No museum would be complete without the reference to the use of an outhouse, the forerunner of bathroom facilities, only without plumbing. A large outhouse was on display with other necessities of the day, which included hand tools, saws, pick sacks, wash kettles, and scales.
A period bedroom displayed a bedstead and rope springs from the 1800 era, topped with a stuffed mattress, feather bed and pillows, hand-quilted "Wedding Ring" spread, and embroidered pillow cases. The area had such a problem with bed bugs during the turn of the century that the government provided new ticking in the 1940s and encouraged people to stuff the mattress with seedless cotton.
The wooden Sears wheelchair was reminiscent of the 1920s and '30s, and was displayed in the medical clinic along with equipment and display cabinets.
An ice box used in the late 1800s was lined with tin and insulated with various materials, such as cork and sawdust, to accommodate a large block of ice delivered from the Monette Ice House, formerly located on Northeast Main Street in Monette. The building is still standing today.
The 1890 Jones Family Bible was on display in the historical research room upstairs. It included the marriage certificate of Mary Brown and John E. Jones, July 24, 1887, witnessed by "the presence of the crowd." Inside the Bible was a pledge signed by the members of the family, which read, "Believing it can be better for all concerned, we solemnly pledge, by the help of God, to abstain from the use of intoxicating drinks as a beverage."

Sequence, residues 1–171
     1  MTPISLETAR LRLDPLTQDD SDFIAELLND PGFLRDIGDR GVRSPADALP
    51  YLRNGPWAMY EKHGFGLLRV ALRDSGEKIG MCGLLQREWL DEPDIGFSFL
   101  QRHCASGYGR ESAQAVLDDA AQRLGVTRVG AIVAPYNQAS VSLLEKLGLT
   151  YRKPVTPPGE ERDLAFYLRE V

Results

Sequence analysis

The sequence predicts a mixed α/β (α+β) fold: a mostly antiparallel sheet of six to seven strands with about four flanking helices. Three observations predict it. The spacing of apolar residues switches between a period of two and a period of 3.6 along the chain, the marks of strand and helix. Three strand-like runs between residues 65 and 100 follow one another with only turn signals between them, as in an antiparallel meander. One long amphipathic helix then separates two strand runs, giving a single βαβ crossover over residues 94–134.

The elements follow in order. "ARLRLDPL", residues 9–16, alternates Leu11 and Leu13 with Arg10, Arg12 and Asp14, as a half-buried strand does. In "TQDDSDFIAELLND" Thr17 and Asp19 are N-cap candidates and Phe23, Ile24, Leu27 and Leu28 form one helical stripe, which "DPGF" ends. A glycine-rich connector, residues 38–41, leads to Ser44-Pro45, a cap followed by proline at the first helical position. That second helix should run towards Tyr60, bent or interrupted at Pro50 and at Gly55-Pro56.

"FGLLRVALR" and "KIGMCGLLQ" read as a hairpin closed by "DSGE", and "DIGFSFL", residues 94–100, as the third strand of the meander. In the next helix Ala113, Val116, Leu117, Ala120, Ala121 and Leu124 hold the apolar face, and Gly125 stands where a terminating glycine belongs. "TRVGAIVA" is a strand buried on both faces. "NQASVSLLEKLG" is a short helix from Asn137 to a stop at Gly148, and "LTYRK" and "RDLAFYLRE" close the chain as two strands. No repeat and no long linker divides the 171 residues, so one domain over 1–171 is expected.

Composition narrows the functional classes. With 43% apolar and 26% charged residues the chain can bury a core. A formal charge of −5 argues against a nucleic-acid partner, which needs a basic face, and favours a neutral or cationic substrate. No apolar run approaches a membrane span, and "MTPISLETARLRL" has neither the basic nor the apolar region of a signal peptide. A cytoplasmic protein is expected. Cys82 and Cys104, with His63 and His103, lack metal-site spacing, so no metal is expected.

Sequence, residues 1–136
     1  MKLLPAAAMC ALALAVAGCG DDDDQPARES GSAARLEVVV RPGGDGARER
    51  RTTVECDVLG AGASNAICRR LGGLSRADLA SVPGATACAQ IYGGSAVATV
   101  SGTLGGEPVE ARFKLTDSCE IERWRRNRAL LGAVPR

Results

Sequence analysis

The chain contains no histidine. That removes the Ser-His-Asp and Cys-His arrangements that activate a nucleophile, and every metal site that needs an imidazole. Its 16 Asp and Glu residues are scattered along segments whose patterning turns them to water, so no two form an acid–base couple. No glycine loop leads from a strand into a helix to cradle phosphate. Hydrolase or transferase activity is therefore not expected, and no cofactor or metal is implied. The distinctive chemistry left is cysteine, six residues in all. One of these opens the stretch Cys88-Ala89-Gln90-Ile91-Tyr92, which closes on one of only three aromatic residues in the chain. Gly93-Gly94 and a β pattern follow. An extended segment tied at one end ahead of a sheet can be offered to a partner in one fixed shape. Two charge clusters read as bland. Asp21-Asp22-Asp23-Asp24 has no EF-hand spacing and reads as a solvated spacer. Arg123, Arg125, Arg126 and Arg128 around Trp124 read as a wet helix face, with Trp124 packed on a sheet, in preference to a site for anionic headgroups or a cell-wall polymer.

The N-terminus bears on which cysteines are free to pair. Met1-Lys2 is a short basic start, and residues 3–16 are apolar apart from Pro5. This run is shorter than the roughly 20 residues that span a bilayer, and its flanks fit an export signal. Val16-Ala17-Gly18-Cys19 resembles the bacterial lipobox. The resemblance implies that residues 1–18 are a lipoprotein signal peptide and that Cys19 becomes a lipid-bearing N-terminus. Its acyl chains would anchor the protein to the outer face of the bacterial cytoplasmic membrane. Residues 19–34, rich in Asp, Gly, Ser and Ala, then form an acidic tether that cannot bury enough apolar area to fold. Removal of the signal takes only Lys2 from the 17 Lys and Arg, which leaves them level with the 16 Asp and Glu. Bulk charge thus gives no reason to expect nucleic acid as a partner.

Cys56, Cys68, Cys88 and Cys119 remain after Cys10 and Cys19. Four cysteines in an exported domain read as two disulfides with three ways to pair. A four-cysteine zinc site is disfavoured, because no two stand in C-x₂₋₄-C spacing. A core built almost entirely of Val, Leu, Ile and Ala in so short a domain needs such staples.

A large stand held Frederic's Electrical Hair Curlers. The stylist of the day would wrap hair from the tips of the tresses to the scalp, and then turn on the electricity. The curlers take on the appearance of a milking machine. It revealed a tedious and sometimes dangerous endeavor to obtain permanent curls. The steam often scalded the scalp as the customer was teetered to the machine all day long.
The Stottsville Post Office wooden mailbox was on display, and revealed 16 boxes and one drawer, used by former residents. Stottsville was a small pioneer town located south of Monette and was bypassed when the Jonesboro, Lake City and Eastern Railroad (JLC&E) made its way to the eastern bottoms of Craighead County from Nettleton. Lee A. Drew wrote in his book about the JLC&E history of an Arkansas Railroad, "August 19, 1898, the first train, an excursion special, entered the little town of Monette, in the heart of Buffalo Island."
Museums document and preserve history so that the people of today and tomorrow can learn from it. The Monette Buffalo Island Museum Committee has taken on the challenge of doing just that. Committee members include Mayor Chub Qualls, Ernestine Harrell, chairman, Diana Sanders, layout designer, Louise Baker, Janie Miller, William Piercy, Betty Pyland, Joyce Read, Donna Rolland, Royal Tilley, Martha Wallace and Mike Wallace.
Special commemorative plaques of appreciation were presented to Ernestine Harrell, Diana Sanders, Jerry Reed, Mike and Karen Wallace and Sharon Pitts Wallace.